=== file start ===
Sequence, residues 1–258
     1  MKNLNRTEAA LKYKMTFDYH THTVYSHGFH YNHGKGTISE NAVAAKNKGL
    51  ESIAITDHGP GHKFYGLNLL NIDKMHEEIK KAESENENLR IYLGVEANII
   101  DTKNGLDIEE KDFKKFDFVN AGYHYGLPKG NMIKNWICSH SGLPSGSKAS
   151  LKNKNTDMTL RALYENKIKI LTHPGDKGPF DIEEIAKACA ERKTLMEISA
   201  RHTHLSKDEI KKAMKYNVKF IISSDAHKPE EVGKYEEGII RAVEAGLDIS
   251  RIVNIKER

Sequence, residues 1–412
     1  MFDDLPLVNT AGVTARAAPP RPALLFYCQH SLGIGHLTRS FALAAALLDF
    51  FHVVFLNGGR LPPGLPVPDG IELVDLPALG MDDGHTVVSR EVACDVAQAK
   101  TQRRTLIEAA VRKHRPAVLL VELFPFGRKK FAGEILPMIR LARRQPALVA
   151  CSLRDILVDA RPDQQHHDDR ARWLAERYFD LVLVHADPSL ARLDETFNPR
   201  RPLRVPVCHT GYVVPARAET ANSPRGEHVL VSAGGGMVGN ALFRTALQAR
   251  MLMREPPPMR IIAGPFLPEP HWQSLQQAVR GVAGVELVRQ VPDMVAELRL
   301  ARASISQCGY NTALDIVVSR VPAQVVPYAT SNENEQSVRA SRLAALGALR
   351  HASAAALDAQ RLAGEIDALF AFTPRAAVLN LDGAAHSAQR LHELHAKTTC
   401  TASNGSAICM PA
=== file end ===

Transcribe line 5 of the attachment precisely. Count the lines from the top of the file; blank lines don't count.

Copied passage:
   151  LKNKNTDMTL RALYENKIKI LTHPGDKGPF DIEEIAKACA ERKTLMEISA